Not content with one of the nation’s oldest curbside recycling programs, the city of Madison wants to teach residents to be super recyclers.
Starting next month, residents can attend classes to learn the intricacies of the local recycling system, what can and can’t be recycled, and how to reduce their overall waste.
Those who complete the two 90-minute sessions and a community outreach project will be certified Master Recyclers, equipped not only to tell the difference between No. 1 and No. 5 plastic containers but to help friends, neighbors and coworkers improve their own habits.
Recycling coordinator Bryan Johnson said about 19% of what goes into recycling bins is actually trash, while a recent study found roughly 13% of material in the county’s landfill could be recycled.
“We can be better,” Johnson said. “Madison being Madison, we should be better.”
The city of Madison began collecting newspaper bundles in September 1968 in what is believed to be the nation's first municipal curbside recycling program.
Participants will learn how the sorting system works to better understand what can actually be processed, which should cut down on “wishcycling.” They will also learn the basics of composting and how to be more responsible consumers.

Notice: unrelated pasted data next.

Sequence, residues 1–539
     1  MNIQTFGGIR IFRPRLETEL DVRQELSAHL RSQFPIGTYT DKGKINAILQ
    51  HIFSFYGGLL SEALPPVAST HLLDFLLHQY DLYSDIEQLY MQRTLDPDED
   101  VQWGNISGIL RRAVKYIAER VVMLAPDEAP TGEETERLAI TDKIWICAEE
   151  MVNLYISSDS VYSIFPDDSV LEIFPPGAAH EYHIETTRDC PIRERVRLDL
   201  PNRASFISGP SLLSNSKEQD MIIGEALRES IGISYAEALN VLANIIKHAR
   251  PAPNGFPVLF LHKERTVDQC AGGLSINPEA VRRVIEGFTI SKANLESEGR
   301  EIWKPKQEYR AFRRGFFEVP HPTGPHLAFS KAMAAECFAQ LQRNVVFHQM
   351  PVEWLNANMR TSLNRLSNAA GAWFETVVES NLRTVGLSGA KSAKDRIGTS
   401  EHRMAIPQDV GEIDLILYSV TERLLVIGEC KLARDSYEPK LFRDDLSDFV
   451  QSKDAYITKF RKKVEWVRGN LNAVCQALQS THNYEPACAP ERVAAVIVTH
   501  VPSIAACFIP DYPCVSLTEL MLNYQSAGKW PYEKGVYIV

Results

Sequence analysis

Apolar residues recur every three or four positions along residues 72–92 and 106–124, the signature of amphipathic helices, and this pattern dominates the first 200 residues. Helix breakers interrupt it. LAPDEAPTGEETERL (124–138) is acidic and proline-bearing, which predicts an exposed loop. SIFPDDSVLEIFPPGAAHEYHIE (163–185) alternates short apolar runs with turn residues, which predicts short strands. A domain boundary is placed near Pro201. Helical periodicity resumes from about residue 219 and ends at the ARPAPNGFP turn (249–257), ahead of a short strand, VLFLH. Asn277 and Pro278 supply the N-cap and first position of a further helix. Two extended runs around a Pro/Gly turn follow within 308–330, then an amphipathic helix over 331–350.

“Just because it has those chasing arrows doesn’t mean it can go in the cart,” Johnson said. “Ultimately, when it comes to sustainable living reducing the amount of waste on the front end is going to do the most good.”
Funded in part by a grant from the Carton Council, the program was developed with the nonprofit group Sustain Dane, which will run the online classes in April and July. The cost for the program is $15. Scholarships are also available through Sustain Dane. Johnson said the program is modeled after the UW Extension service’s Master Gardener program, which trains gardeners to be ambassadors.
“Get them trained up so they can go out and spread this information, especially in places we can’t reach,” Johnson said. “So they feel empowered to do something — I could put a recycling presentation together for my church group.”
Johnson said he believes this will be the first master recycler program in Wisconsin, though similar programs are available in places such as Minneapolis and Portland, Oregon.
“It turns out it’s everywhere,” Johnson said. “Maybe we should have been doing this the whole time.”